When trying to explain the decline of Christianity in America, a common apologist refrain is that it’s the squishy liberal mainstream churches that are suffering, whereas the rock-ribbed conservative and evangelical denominations are standing firm against cultural tides.
If you hear anyone making this argument, refer them to an article from this month, from the Christian site LifeWay: “Southern Baptists experience historic drop in membership“.
A growing number of Southern Baptist churches are home to a shrinking number of Southern Baptists.
Total membership in the Southern Baptist Convention fell almost 2% to 14,525,579 from 2018 to 2019, according to the Annual Church Profile compiled by LifeWay Christian Resources in cooperation with Baptist state conventions. The decline of 287,655 members is the largest single year drop in more than 100 years.
And the drop in baptisms – a leading indicator, since young adults who don’t get baptized have likely lost interest in the SBC and won’t raise their future children in the faith – was even sharper, falling by more than 4%.
The SBC is the largest Protestant denomination in the U.S. and the second largest Christian denomination overall. It insists on biblical inerrancy, opposes abortion, denies the legitimacy of same-sex relationships, forbids women and gay people from holding pastoral positions, and instructs wives to submit to their husbands. But that old-time religion hasn’t preserved them from the decline that’s afflicting Christianity throughout the Western world.
I wrote about the SBC’s demographic problems in 2014, and the trend hasn’t let up since then. This is their thirteenth consecutive year of declining membership, in which time they’ve hemorrhaged more than a million members.
Why is this happening? The LifeWay article offers nothing but this vague gesture at an explanation:
“The Southern Baptist Convention is not immune to the increasing secularization among Americans that is seen in more of our children and our neighbors not having interest in coming to Jesus.”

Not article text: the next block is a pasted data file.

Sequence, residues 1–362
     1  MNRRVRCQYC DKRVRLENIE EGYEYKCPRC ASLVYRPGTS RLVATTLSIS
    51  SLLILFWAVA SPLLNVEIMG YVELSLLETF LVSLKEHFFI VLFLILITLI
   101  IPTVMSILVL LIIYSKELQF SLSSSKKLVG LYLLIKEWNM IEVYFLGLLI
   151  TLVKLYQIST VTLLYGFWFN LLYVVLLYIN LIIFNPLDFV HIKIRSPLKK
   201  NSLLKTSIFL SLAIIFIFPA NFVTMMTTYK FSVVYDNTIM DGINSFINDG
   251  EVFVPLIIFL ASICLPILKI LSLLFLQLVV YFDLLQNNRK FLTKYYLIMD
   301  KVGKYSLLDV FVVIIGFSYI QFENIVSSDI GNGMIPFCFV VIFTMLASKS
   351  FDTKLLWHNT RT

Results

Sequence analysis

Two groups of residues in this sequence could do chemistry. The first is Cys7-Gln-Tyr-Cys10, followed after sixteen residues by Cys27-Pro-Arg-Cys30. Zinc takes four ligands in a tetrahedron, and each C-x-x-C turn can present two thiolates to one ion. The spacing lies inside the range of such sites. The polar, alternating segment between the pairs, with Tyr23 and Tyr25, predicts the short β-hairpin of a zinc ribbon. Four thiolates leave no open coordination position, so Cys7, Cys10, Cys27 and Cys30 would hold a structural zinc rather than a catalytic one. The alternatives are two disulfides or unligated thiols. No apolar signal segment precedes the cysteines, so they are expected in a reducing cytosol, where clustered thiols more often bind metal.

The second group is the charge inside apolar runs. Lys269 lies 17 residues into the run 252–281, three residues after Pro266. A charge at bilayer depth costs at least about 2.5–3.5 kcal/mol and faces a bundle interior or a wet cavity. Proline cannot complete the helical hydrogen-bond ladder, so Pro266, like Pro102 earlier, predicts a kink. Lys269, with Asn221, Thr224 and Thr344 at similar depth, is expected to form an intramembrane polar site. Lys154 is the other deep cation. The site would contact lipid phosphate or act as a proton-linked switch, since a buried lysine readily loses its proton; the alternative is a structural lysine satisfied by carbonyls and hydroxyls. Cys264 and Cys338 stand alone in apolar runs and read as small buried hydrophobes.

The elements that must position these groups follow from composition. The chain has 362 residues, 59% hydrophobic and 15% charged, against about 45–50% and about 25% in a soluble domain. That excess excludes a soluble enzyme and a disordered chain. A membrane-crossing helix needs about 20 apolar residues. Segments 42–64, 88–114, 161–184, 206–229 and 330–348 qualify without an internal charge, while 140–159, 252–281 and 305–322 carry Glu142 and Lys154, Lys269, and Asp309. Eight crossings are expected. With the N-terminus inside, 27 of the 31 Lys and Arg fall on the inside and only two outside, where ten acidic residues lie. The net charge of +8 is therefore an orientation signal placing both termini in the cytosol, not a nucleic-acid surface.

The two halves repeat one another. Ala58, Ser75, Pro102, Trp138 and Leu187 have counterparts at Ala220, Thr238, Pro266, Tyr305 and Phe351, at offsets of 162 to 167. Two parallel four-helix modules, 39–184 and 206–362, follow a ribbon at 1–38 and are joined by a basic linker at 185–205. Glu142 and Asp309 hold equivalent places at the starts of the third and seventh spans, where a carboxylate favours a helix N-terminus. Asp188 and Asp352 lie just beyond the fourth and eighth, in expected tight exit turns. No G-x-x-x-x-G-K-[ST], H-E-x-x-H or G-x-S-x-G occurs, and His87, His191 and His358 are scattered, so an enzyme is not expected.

“Increasing secularization” isn’t an explanation of the problem, it’s a restatement of the problem. Why are young people losing interest in church membership? Why are people becoming resistant to evangelism?
There’s a more comprehensive answer in a report from the conservative American Enterprise Institute, “Promise and peril: The history of American religiosity and its recent decline“.
The AEI report uses direct survey data, institutional data maintained by religious bodies about their own membership, and proxy data like the frequency of religious words (“Trinity”, “Sabbath”, “pastor”) in published texts or the number of baby names with biblical origins or religious associations [p.21]. Some of these measures are more reliable than others, but all are broadly consistent in showing a dropoff over time:
By any measure, religiosity in America is declining. As this report will show, since peaking in 1960, the share of American adults attending any religious service in a typical week has fallen from 50 percent to about 35 percent, while the share claimed as members by any religious body has fallen from over 75 percent to about 62 percent. Finally, the share of Americans who self-identify or report being affiliated with any religion has fallen from over 95 percent to about 75 percent. [p.1]
A chart from the report shows a striking plunge in the percentage of Americans who profess any religious affiliation. As recently as 1990, there was scarcely any perceptible change from 1900. But in the last thirty years, the trend line has dropped off dramatically:
— Joanna Piacenza (@jpiacenza) April 30, 2020